Not surprisingly, a lot of travel Japanese relates to, well, travel. These include basic vocabulary words like eki (駅 – station), hikouki (飛行機 – airplane) and Shinkansen (新幹線 – bullet train), as well as practical phrases and questions. For instance, if you want to ask where to board the Yamanote Line at a busy train station in Tokyo, you may ask Yamanote-sen wa (山手線は) doko desu ka (どこですか – where is it?) or nanban sen desu ka (何番線ですか – which platform?).
Life and death
This one isn’t dramatic as it sounds—doctors (isha – 医者), first responders, staff at the hospital (byōin – 病院), police (keisatsu – 警察) and other people tasked with your safety in Japan can usually speak some English. However, having some key words in case of the worst-case scenario probably isn’t a bad idea, whether that’s knowing the words for common disasters—taifu (台風 – typhoon) or jishin (地震 – earthquake), or being able to located the emergency exit, represented by the characters 非常口 (hijouguchi).
Other Survival Japanese for Travelers
Here are some other Japanese words and phrases you might find helpful as you travel:
- Sugoi (すごい): Awesome or cool, often used in combination with the particular Ne (ね).
- Nihon/Nippon (日本): Japan
- Inu (犬): Dog, i.e. Shiba inu (柴犬)
- Neko (猫): Cat, i.e. Maneki neko (招き猫; beckoning cat)
- Hontou ni (本当に): Really/really?
- Sou desu ne/Sou da ne (そうですね/そうだね): I see.
- Dai joubu (大丈夫): Often used in conjunction with desu (です), this phrase means “that’s good” or “that’s fine.”
- _____ wa doko desu ka (____はどこですか): Where is ______? (i.e. toilet or toi-re/トイレ)
- Sakura (桜): Cherry blossoms; see also hanami (花見), cherry blossom viewing
- Tenki (天気): Weather; see also ame (雨; rain), yuki (雪; snow); hare (晴れ; sunny); kumori (曇り; cloudy)
- Dera/Tera or Ji (寺): Temple, i.e. Kyoto’s Kiyomizu-dera (清水寺)
- Shinsetsu (親切): Kind
- Taisetsu (大切): Important
- Tomodachi (友達): Friend
Other FAQ About Japanese Travel Phrases
What are some popular Japanese phrases?
Most travelers will only learn the most basic phrases, such as greetings like konnichiwa and konbanwa (good day or good evening) and arigatou gozaimasu, which means “thank you very much.” However, learning a wide variety of Japanese phrases will better prepare you for your trip.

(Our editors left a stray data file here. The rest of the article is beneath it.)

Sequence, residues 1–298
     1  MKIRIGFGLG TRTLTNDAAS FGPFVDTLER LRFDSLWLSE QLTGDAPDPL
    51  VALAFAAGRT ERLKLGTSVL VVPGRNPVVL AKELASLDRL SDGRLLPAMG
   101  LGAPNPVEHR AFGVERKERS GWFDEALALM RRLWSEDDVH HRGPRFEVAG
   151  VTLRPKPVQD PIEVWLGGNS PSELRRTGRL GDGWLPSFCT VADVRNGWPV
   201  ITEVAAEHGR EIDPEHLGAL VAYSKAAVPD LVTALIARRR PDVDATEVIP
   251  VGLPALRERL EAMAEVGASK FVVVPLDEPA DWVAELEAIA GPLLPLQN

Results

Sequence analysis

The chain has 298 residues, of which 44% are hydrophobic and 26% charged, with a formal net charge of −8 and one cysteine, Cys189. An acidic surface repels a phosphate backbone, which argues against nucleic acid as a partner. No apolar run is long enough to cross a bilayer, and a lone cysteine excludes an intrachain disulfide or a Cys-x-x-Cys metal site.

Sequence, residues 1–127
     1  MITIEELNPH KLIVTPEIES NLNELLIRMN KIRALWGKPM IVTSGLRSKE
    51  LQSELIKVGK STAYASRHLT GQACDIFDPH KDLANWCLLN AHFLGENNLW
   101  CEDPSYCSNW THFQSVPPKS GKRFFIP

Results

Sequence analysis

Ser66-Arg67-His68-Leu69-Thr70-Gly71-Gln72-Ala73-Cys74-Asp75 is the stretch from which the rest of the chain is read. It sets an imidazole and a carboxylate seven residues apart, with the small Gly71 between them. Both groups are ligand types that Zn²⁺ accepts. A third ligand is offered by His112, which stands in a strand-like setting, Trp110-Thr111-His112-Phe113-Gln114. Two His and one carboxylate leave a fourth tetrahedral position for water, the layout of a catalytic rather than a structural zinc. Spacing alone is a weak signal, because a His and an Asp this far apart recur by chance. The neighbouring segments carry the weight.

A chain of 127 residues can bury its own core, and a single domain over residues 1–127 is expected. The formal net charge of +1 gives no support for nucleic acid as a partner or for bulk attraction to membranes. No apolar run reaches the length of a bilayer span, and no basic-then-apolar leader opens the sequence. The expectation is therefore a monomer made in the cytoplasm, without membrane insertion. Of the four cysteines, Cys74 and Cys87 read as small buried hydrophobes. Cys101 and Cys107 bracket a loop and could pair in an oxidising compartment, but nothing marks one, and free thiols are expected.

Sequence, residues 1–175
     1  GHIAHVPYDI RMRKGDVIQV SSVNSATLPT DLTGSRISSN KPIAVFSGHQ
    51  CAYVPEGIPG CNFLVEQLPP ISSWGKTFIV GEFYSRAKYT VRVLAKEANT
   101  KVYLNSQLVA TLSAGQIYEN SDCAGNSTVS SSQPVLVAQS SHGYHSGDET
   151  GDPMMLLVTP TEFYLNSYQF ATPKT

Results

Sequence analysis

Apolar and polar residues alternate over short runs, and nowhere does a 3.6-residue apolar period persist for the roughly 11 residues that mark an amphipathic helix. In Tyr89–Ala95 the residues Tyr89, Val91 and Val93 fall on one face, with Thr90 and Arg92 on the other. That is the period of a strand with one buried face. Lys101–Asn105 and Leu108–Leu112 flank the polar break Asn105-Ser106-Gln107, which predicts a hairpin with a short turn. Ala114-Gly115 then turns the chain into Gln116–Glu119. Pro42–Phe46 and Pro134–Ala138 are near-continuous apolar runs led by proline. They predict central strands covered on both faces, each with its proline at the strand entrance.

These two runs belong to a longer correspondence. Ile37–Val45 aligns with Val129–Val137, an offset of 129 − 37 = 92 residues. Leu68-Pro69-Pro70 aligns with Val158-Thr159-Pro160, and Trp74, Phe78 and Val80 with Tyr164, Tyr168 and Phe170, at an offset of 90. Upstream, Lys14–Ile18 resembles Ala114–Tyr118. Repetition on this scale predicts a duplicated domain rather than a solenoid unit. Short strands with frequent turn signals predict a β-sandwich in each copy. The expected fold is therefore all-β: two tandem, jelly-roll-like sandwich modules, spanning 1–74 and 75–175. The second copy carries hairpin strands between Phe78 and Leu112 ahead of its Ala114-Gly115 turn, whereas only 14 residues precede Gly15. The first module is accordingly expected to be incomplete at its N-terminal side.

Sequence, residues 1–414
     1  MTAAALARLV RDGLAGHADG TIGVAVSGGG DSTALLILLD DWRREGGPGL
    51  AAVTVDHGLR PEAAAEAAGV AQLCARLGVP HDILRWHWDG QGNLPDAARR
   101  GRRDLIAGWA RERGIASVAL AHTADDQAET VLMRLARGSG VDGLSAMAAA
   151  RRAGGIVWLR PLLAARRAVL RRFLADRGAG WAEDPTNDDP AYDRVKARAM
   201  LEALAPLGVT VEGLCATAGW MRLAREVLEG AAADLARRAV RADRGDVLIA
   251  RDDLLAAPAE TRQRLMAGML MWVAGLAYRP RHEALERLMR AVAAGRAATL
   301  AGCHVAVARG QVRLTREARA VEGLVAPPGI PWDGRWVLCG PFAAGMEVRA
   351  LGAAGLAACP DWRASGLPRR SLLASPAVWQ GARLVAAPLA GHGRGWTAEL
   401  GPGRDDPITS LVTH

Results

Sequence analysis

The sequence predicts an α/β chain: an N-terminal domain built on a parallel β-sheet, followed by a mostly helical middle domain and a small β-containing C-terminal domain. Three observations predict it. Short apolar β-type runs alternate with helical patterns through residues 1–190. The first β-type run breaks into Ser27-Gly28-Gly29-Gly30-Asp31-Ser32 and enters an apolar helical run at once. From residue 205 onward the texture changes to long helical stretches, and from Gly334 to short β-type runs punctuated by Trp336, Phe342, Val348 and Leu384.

How do you respond to “Irasshaimase”?
You can response to Irasshaimase (which you will often hear entering shops and restaurants) with a greeting appropriate for the time of day: Ohayo (gozaimasu) in the morning; konnichiwa during the daytime; or konbanwa in the evening. Or you can choose not to respond at all; many people (including Japanese people) sometimes don’t.
What is “Itadakimasu”?
Itadakimasu literally means “I receive” or “we receive.” In practice, however, it serves the same roles as “bon appetit” does in Western countries; it’s said after you receive your food, but before eating it. When someone says “itadakimasu,” they’re literally saying “I receive this food.”
The Bottom Line
Looking for useful Japanese travel phrases? You’re in the right spot. From greetings and dining vocabulary, to phrases you can use when using planes, trains and automobiles, having a variety of practical Japanese under your belt will make your trip a lot easier. It will also make your interactions with Japanese people more meaningful—they’ll respect you more, and maybe even treat you more kindly. Need help with more than just your language skills, as you plan your trip to Japan? Commission a custom Japan itinerary, and let me sweat all the details of your travel on your behalf.